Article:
... Ryan attended a closed meeting with congressional leaders, Bush's Treasury Secretary Henry Paulson, and Federal Reserve Chairman Ben Bernanke on September 18, 2008. The purpose of the meeting was to disclose the coming economic meltdown and beg Congress to pass legislation to help collapsing banks.
Instead of doing anything to help, Ryan left the meeting and on that very same day Paul Ryan sold shares of stock he owned in several troubled banks and reinvested the proceeds in Goldman Sachs, a bank that the meeting had disclosed was not in trouble. This is the guy Republicans want one heartbeat away from the presidency? He seems more than a little shady to me.
On Monday, The Richmonder's story "went viral," as they say in social media lingo, with blogs and newspapers all over the world picking it up. But then...(cue ominous music)...the story was (supposedly) "debunked" by Benjy Sarlin of Talking Points Memo (TPM). The supposed "debunking" was based on one key fact, that "the meeting with Bernanke took place in the evening after trading hours, meaning Ryan wouldn't have had time to execute the move if he wanted to." In addition, not that we should care what pathological liar Willard's campaign has to say about anything, but they claimed "Ryan had nothing to do with the trades in the first place." Whatever.
First of all, the Romney campaign's claim that the transactions were index trades is not consistent with what's in the original disclosure reports. AlterNet discussed the controversy with money and politics expert Thomas Ferguson, who has written extensively on the bailout. He explained, "Ryan did own some index-based securities, but they stand out in the summaries. They are different from the many trades Ryan was making in individual stocks. It is perfectly obvious that he sold shares in Wachovia, Citigroup and J. P. Morgan on September 18 and he bought shares in Paulson's old firm, Goldman Sachs, on the same day. If these were index trades, what's on the form is nonsense."
While it's not possible to pinpoint exactly what Ryan knew and when he knew it, the whole episode becomes more disturbing the deeper you look into it.
Check out the entire story at AlterNET for yourself, but the bottom line is that "If you swallow the idea that Ryan just happened to buy Goldman stock that day -- a day he just happened to have a meeting with Hank Paulson, the firm's former CEO, well, then I have some unicorns I'd like to introduce you to." Me too. And a few bridges. And swampland property. Etc. Oh, and the word "gullible" is not in the dictionary, dontcha know? Heh.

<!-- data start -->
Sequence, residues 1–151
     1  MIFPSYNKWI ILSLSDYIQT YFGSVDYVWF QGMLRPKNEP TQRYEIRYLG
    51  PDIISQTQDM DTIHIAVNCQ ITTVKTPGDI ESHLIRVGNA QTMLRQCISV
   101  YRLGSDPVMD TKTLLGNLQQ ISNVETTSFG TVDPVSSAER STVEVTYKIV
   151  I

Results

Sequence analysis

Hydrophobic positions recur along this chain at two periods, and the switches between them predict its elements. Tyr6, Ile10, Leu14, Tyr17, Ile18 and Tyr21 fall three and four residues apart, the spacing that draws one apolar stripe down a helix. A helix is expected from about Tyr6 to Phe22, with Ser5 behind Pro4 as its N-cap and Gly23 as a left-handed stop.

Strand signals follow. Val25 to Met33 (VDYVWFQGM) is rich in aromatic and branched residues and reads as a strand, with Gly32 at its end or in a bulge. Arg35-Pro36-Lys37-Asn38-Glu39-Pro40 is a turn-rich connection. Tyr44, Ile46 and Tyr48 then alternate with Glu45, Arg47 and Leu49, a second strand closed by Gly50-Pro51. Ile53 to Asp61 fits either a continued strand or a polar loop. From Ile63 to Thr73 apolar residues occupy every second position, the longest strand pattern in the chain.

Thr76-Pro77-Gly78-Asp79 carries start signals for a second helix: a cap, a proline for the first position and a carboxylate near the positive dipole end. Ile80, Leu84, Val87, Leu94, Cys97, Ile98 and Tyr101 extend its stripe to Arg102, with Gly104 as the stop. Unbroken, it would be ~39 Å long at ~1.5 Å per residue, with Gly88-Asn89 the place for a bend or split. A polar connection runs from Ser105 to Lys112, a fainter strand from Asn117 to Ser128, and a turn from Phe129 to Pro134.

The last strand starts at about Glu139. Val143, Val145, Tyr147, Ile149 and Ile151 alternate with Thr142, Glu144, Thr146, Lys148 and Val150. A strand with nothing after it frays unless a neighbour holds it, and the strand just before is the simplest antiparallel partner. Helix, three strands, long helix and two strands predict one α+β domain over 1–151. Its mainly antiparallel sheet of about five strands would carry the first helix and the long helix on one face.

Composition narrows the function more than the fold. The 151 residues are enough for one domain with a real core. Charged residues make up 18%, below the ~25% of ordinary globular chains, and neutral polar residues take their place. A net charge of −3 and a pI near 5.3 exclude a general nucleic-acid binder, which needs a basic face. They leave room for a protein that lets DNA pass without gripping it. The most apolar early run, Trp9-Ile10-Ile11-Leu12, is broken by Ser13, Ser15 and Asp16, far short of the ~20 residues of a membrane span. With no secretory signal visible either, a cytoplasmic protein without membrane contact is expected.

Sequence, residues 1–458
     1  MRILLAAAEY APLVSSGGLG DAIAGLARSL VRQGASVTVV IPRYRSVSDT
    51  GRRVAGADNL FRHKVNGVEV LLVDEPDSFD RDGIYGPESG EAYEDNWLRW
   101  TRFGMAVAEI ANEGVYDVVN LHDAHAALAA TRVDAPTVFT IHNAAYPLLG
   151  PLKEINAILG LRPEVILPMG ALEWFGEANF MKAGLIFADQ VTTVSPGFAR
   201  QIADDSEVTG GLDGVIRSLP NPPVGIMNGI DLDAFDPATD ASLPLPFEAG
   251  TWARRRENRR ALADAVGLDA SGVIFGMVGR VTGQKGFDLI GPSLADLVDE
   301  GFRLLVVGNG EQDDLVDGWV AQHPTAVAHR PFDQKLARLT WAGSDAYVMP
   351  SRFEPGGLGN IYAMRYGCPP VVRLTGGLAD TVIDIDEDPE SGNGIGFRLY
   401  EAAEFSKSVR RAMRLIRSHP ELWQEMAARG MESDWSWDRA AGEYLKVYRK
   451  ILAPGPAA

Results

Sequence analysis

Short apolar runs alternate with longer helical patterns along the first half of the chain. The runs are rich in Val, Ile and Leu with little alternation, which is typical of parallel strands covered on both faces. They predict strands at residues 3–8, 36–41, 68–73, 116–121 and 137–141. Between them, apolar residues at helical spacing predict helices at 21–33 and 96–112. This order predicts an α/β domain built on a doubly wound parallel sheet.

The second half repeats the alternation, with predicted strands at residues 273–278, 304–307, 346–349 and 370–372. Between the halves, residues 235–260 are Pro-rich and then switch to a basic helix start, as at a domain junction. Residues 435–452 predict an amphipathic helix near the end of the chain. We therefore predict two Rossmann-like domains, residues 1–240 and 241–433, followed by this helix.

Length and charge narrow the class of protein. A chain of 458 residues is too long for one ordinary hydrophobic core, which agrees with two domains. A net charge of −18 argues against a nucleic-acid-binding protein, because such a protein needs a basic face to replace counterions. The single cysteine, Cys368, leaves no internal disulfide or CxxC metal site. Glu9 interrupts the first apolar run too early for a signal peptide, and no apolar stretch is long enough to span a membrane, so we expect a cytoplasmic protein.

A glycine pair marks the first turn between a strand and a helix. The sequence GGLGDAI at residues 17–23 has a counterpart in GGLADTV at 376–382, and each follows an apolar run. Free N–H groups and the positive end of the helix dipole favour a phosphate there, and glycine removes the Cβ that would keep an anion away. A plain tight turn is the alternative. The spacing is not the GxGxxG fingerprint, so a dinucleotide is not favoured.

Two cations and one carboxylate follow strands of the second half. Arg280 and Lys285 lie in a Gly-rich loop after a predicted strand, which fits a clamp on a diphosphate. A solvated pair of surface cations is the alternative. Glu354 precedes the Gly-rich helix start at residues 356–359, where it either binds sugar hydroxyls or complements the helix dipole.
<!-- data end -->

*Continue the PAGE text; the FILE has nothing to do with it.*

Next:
What I find so pathetic here is how quick progressives and Democrats often are to back off on a story, even when there's a lot of evidence that it very well might be serious, at the slightest "denials" and "debunking" by Republicans, accepted (gullibly?) by a fellow, normally excellent, progressive website. In stark contrast, Republicans keep going and going and going on verifiable lies (e.g., their fallacious, insane claims on welfare, Medicare, Obama's "birth certificate," global warming "denial," etc, etc.), even after voluminous evidence, by non-partisan, unbiased fact checkers (and/or the CBO) has come out obliterating their claims. It's maddeningly frustrating, although of course it's also a healthy sign - in stark contrast to the right wing - that progressives actually care about honesty, the truth, empirical evidence, science, etc.
In this case, what JC Wilmore ("The Richmonder") did wasn't to prove anything definitively, but to dig out information that looks really suspicious, and basically put it out there for others to look into more deeply. Obviously, a small blog like The Richmonder doesn't have the resources of a major news organization, to dig in and really investigate this stuff. And, with all due respect to TPM, I strongly doubt they do either. Which is why for Benjy Sarlin to claim the story was "debunked," based on not much at all (the Romney campaign denials are utterly worthless, and I hope Sarlin didn't give them any credence at all), is (far) less than convincing.
Fortunately, others - Brad DeLong, AlterNET - have looked more closely at Ryan's activities and seen through the holes in Sarver's supposed "debunking." Having done so, they've resurrected the Ryan insider trading story to where it should have been all along: highly suspicious behavior by Romney's running mate, behavior that bears serious investigation, and ultimately legal action if appropriate (although my understanding is that Congresscritters exempted themselves from laws that would have sent you and me to jail for the same exact behavior. Nice, huh?).
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